If you multiclass, you will get two spell slots per class. For example, if you are a wizard and a warlock, you would get four spell slots.
If you are a wizard and a monk, you would get two spell slots.
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There are a few ways to answer this question, but the most straightforward way is to divide classes into two camps: those that have one spell slot per class and those that have two. Multi-classing is possible in D&D 5e by taking the appropriate multiclass archetype, such as the arcane Trickster. When you multiclass, you lose all of your spell slots from your original class, but you gain the spell slots from your new class.
When multiclassing, do you gain extra spell slots? This is a difficult question to answer definitively. There are a few factors to consider.
Multiclass spell slots are a nifty mechanic found in many role-playing games. They allow you to cast spells from multiple classes simultaneously, without having to change your spellcasting mode. When multiclassing, your spell slots are divided evenly between your classes.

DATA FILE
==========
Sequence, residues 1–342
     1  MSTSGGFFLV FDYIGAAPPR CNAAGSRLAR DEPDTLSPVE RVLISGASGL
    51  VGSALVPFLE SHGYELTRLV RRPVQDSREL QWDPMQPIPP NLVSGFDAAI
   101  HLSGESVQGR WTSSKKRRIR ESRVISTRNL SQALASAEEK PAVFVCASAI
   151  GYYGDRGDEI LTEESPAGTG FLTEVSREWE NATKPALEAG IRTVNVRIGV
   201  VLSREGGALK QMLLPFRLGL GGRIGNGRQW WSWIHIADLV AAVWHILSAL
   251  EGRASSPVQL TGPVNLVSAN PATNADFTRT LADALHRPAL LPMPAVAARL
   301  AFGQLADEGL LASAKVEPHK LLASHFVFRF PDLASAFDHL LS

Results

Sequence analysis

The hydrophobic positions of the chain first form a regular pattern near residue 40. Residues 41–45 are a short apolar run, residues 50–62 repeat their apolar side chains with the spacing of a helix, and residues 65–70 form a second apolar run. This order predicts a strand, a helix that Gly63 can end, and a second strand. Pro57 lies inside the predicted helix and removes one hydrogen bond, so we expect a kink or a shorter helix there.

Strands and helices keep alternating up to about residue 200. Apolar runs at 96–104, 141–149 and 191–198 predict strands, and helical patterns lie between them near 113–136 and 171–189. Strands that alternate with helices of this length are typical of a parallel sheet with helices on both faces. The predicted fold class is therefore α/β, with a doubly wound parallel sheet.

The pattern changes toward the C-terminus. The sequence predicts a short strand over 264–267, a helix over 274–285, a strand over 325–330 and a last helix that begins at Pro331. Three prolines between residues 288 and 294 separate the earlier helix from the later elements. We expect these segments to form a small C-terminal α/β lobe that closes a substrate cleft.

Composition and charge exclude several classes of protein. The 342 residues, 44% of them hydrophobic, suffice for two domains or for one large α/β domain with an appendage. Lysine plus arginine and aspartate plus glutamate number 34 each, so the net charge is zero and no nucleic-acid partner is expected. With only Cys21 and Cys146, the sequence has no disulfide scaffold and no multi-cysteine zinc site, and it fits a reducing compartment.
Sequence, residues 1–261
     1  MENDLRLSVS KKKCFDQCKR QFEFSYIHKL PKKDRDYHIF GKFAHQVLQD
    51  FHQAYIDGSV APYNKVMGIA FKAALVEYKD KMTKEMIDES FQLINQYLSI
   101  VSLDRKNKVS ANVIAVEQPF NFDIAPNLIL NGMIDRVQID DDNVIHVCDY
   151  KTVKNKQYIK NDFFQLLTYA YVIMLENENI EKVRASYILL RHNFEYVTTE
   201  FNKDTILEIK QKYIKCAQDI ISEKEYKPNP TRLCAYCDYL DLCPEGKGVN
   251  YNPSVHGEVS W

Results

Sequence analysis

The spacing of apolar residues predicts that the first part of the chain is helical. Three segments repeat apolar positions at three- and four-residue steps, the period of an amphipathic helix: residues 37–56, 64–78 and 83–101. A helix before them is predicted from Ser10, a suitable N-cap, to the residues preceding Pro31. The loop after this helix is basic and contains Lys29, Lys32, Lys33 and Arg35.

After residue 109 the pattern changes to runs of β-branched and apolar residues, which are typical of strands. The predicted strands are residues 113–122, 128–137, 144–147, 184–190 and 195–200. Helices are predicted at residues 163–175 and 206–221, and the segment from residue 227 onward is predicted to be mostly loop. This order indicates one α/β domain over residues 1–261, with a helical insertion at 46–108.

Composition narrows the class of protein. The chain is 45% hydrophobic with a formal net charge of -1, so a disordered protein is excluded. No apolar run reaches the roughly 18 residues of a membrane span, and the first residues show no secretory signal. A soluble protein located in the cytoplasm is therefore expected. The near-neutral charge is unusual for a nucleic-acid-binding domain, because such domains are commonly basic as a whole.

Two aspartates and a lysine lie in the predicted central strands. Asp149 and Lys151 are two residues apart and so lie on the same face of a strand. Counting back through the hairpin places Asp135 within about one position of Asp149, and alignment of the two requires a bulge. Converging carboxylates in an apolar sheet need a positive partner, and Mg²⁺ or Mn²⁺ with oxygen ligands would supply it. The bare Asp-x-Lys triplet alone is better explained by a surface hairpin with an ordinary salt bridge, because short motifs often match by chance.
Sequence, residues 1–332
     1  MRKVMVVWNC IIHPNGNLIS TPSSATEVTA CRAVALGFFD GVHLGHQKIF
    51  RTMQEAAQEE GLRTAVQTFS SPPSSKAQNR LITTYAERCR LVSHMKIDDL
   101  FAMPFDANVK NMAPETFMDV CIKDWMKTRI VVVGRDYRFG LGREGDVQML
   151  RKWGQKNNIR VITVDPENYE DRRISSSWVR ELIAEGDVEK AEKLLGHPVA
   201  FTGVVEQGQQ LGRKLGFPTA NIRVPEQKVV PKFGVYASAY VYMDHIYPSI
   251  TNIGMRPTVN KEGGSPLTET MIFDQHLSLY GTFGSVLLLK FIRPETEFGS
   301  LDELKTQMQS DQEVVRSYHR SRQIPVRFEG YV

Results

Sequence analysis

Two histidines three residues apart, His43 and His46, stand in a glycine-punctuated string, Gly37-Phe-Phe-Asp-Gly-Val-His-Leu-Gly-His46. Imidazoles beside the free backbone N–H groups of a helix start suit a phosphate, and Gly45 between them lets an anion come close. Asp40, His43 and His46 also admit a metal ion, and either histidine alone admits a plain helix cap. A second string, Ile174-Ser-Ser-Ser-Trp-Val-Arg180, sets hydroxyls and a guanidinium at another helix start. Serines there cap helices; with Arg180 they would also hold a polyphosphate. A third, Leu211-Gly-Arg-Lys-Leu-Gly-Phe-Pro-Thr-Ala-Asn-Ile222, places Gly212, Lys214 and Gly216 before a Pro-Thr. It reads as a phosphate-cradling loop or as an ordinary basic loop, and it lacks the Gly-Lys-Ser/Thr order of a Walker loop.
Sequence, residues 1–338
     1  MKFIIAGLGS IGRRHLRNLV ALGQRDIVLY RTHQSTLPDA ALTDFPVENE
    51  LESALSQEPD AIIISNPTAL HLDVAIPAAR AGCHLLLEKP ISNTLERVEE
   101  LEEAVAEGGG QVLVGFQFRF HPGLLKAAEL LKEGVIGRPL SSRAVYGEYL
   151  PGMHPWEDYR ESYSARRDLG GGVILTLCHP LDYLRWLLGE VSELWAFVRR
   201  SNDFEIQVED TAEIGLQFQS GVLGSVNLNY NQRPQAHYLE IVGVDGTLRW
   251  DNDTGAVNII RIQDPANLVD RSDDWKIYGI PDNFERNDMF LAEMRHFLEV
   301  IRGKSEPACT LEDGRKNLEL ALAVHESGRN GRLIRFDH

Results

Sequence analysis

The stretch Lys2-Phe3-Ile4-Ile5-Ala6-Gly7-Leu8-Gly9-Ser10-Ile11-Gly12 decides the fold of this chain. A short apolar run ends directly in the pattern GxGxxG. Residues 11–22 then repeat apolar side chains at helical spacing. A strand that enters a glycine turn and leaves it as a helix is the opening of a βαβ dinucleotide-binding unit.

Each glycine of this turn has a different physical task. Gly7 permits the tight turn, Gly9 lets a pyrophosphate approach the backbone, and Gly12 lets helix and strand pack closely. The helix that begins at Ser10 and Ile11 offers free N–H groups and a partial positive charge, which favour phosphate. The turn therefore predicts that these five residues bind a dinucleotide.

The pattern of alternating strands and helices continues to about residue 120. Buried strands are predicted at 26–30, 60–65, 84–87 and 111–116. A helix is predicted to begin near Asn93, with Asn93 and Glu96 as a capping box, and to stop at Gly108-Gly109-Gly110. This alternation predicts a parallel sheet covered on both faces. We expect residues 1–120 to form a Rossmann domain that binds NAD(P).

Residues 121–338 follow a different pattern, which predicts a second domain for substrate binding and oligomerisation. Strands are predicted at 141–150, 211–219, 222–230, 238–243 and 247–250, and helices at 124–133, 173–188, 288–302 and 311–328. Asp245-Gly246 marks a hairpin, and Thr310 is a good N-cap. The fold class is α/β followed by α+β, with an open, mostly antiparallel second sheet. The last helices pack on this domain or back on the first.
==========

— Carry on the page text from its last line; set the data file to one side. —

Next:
Multiclassing is the process of taking different classes in order to gain an advantage in one area of your game. For example, a paladin could multiclass into a ranger in order to gain better tracking abilities, or a wizard could multiclass into an fighter in order to gain better melee abilities. The assumption is that multiclassing will give you more spell slots than if you had just taken one class.
Multiclassing is the process of taking on multiple classes of the same level, usually in order to gain new abilities and powers. In order to do this, one must first choose a primary class, and then allocate experience points to the secondary classes. When multiclassing, one must remember that they only have a certain number of spell slots available to them at any given time.